Taking medicine is something that few of us really like or feel good about. While we often know that taking coffee is the best solution for a range of problems, what we might not be so sure of is whether it can cause problems of its own which often it can if you aren’t careful with it. Medications are drugs and can have a range of effects on the body and a host of interactions and these will vary depending on your own biological makeup, as well as what else you’ve been eating.
Taking medication with coffee is an example of how we can unwittingly cause interactions in our body that render the medications less effective, or that can even make them dangerous. Here we will look at why it’s not a good idea to take medications with coffee.
Interactions With Coffee
Coffee and tea contain ‘tannic acid’ which can have a chemical reaction with a range of medications and thereby prevent them from being effective and/or even make them quiet dangerous. This will also cause them to dissolve faster and that will mean they aren’t as effective.
Tea and coffee contain caffeine (particularly the latter) which speeds up the metabolism. This in turn increases the rate at which the body processes and absorbs a range of substances and that in turn can cause medications to react in a different way (or even pass right through your system).
Caffeine also has various effects on the body which might impact the usefulness of the medication positively or negatively. Aspirin for instance is a blood thinner, and so if you take this to reduce swelling then using caffeine – which increases blood pressure – isn’t particularly smart. Likewise if you are taking a sleeping tablet then using caffeine similarly is not a good idea. Worse – if you are taking another stimulant, such as a thermogenic, then the combination of two stimulants might result in overkill causing jitters and headaches.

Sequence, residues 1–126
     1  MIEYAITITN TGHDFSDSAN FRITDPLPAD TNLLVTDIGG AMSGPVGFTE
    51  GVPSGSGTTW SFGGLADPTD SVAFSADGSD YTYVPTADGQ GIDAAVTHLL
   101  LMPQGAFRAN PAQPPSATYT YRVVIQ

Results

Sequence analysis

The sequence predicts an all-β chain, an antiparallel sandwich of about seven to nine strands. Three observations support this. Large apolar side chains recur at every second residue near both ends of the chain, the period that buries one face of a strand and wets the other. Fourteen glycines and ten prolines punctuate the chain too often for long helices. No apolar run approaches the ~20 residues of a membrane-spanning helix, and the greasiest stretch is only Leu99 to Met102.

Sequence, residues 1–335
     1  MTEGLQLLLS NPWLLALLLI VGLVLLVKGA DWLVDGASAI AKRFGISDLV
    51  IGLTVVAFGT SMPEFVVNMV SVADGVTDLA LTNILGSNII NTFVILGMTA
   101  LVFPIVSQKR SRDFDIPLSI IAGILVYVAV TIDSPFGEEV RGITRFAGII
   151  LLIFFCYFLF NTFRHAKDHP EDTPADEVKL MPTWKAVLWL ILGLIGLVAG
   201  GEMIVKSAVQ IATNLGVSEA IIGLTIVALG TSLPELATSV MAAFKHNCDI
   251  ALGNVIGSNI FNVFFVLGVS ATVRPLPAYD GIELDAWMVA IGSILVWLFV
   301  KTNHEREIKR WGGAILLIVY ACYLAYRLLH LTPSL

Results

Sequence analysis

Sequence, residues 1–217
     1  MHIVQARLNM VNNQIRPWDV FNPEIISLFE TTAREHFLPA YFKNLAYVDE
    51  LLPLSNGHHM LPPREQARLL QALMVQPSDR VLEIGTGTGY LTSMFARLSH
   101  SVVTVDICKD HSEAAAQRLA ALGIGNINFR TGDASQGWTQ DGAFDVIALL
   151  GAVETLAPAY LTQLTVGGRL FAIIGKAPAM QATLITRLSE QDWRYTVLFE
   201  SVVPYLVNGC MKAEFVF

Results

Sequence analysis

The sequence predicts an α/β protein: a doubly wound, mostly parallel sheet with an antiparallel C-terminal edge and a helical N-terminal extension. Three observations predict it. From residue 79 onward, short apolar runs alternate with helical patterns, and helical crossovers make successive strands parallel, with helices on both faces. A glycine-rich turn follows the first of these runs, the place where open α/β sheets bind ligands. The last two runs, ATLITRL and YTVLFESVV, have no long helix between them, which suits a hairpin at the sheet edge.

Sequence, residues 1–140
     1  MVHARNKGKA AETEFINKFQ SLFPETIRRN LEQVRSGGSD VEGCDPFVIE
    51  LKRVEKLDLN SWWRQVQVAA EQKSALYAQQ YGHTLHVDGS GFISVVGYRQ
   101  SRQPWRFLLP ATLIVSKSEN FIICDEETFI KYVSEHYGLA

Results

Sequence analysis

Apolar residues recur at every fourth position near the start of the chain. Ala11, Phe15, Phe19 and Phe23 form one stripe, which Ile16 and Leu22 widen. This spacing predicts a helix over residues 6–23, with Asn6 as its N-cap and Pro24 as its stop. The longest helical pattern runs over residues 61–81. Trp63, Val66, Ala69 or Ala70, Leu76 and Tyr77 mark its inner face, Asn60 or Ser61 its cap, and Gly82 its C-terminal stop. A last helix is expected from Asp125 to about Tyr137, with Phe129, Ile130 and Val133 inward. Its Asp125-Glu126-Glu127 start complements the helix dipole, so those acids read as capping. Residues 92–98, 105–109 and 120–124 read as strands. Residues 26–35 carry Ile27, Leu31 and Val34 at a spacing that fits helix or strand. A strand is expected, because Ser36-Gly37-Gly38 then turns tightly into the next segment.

Interactions With Milk
If you have milk with your coffee then this can be even worse – milk contains calcium and calcium absorbs many nutrients and medications itself – particularly the ‘fighting agents’ in many medications. Though that calcium is then absorbed by the body, this won’t give them their full impact.
If you add sugar to your coffee then this can also have unwanted reactions and may place strain on the liver which is a similar effect to the way alcohol affects the liver.
The other problem is that even with decaf coffee or tea, or even with warm milk – the fact that you are consuming a hot drink will speed up the dissolving process of the pills in the stomach which may again affect their ability to help address the problem.
In all cases, by far the most sensible thing to take your medications with is water. This will have no unwanted interactions with medications and won’t affect the body in any way which could be counterproductive. Some medications are also better taken on an empty stomach, as this will ensure that nothing interacts with them and that they are absorbed quickly – while others can damage the stomach lining unless you have eaten something first. Be sure to follow the instructions on the packaging and to listen to the advice of your doctor.